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Will Camelback Ranch reach its breaking point?

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Over at Big League Stew, Ian Casselberry had an in-depth post on the Los Angeles Dodgers' attendance woes at Camelback Ranch. While the Frank McCourt-Jamie McCourt divorce might kill some of the fan enthusiasm, some of the other reasons extend to their roomates.

The two big ones: The sparkling new Salt River Fields complex that hosts the Diamondbacks and Rockies, and ... wait for it ... ticket prices.

The unfamiliar foe first:

Salt River Fields, the $100 million baseball complex east of Scottsdale, is the big draw so far this spring in the Cactus League, which now has all 15 teams in the Valley. The Diamondback and Rockies left Tucson for the Salt River Reservation.

It appears that the home-team Diamondbacks and the new park have cut into the attendance so far at the other nine stadiums in the Cactus League. Ticket sales are off 9 percent to 33 percent at the other parks.

Diamondbacks President Derrick Hall said the team had projected 8,500 fans per game, but it is averaging 10,344.

In terms of percentages, the Sox could be doing worse. The Dodgers are down 42 percent, but the Sox are only down 6.4 percent. Of course, the problem is that the two teams are tied together on this venture, and even that small decrease on the Sox's side knocks their attendance down back below an average of 6,000. That's about what they drew in their final year in Tucson.

Obviously, the Diamondbacks are blowing away their Tucson Electric Park numbers. So what does Jerry Reinsdorf think? Well, he still points at everything but ticket prices.

"The opening of the Rockies-Diamondbacks stadium (Talking Stick at Salt River Fields) is definitely pulling people away," Sox chairman Jerry Reinsdorf said before 10,074 fans attended Wednesday's game between the Sox and world champion Giants. "Now you have six teams in the east valley. Most of the people who come out here with disposable income like to stay in Scottsdale. So if you're a White Sox fan, you can come to Scottsdale and see us play six times without driving out (to Glendale)."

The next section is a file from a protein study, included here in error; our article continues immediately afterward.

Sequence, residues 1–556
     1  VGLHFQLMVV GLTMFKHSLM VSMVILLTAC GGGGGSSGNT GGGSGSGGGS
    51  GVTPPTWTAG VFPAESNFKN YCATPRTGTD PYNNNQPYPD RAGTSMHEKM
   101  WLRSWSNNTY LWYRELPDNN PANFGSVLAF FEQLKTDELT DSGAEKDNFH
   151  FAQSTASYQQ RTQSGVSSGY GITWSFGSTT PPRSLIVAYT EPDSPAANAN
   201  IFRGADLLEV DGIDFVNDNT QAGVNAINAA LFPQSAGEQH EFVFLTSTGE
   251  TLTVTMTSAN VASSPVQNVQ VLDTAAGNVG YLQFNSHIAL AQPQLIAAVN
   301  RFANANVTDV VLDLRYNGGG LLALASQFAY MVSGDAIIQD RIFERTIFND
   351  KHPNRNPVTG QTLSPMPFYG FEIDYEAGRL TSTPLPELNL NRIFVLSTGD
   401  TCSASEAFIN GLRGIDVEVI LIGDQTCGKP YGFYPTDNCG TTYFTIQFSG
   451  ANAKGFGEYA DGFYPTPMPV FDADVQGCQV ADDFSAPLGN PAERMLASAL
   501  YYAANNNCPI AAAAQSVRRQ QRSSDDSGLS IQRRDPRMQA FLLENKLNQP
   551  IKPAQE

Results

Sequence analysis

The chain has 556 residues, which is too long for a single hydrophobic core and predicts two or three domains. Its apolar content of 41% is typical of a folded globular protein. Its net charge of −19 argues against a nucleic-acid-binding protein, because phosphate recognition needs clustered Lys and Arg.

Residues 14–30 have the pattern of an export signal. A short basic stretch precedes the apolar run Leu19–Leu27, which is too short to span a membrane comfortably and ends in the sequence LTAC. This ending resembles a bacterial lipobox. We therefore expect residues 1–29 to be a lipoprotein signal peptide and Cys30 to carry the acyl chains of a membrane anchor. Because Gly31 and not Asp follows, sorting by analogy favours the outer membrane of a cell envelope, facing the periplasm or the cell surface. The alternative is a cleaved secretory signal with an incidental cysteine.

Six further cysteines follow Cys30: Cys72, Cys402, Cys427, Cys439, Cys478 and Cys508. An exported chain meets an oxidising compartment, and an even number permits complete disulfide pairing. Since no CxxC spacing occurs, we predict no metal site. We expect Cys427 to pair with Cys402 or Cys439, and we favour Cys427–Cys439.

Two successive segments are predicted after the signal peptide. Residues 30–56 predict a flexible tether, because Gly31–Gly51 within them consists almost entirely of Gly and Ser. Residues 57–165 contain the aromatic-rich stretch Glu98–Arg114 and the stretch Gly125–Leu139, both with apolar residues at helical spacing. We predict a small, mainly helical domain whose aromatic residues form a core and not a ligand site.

But the Glendale area hasn't developed into what the Sox thought when they decided to move from Tucson after the 2008 season.

"One of the attractions to putting this ballpark here was the plan for what was going to be built around it," Reinsdorf said. "By now, in our third year, we were supposed to be looking at restaurants and retail and a hotel and condominiums. And the guys who were going to do that went broke. So we're sort of sitting out here by ourselves."

Another reason to never make the trip to Glendale? Salt River Fields charges only $25 and $21 for its best tickets, even though it seems to exceed the luxury of Camelback Ranch, which charges $42 and $37 for the same seats. That has to be a big blow to Camelback Ranch, since the Sox and Dodgers tried to redefine the modern spring training game as a first-class experience with commensurate prices.

When you think that the Diamondbacks have the advantage of drawing fans who don't have to pay for travel, you'd think they'd have more liberty to raise prices. But competition must be keeping it down, and that's a major victory for consumers.

It's also a major loss for the Sox and Dodgers, who are left looking like sad sacks with no selling point for native fans:

"Come to Glendale! Half as much to do for more than twice the cost!"

(Seriously - the Diamondbacks charge $15 for their seats along the outfield foul lines, and the Sox charge $33.)

The Sox and Dodgers did take the rare step of cutting some prices at Camelback Ranch this year, but not nearly enough to stop looking ridiculous. They're operating the gas station that's charging $5.50 a gallon when the rest of the area is competing around $3.75, on the premise that gas prices will eventually reach that point. If Salt River Fields is the crown jewel of the Cactus League and still boasts reasonable prices, how long can the Camelback couple continue to maintain the facade of luxury with a straight face?